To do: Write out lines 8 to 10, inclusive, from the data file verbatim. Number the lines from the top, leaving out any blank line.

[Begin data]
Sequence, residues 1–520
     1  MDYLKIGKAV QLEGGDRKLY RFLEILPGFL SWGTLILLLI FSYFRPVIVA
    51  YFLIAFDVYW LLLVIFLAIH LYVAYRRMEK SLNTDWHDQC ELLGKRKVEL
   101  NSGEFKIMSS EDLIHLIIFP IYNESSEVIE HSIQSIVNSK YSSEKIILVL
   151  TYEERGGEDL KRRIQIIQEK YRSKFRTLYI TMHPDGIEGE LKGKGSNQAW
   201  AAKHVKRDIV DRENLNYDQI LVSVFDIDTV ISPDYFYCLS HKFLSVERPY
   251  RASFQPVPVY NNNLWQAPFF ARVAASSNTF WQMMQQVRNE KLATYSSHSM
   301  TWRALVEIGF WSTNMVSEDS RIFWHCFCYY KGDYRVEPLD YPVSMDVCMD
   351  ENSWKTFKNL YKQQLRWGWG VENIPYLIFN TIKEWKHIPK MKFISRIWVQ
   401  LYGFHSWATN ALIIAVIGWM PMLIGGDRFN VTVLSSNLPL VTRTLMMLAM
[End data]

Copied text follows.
   301  TWRALVEIGF WSTNMVSEDS RIFWHCFCYY KGDYRVEPLD YPVSMDVCMD
   351  ENSWKTFKNL YKQQLRWGWG VENIPYLIFN TIKEWKHIPK MKFISRIWVQ
   401  LYGFHSWATN ALIIAVIGWM PMLIGGDRFN VTVLSSNLPL VTRTLMMLAM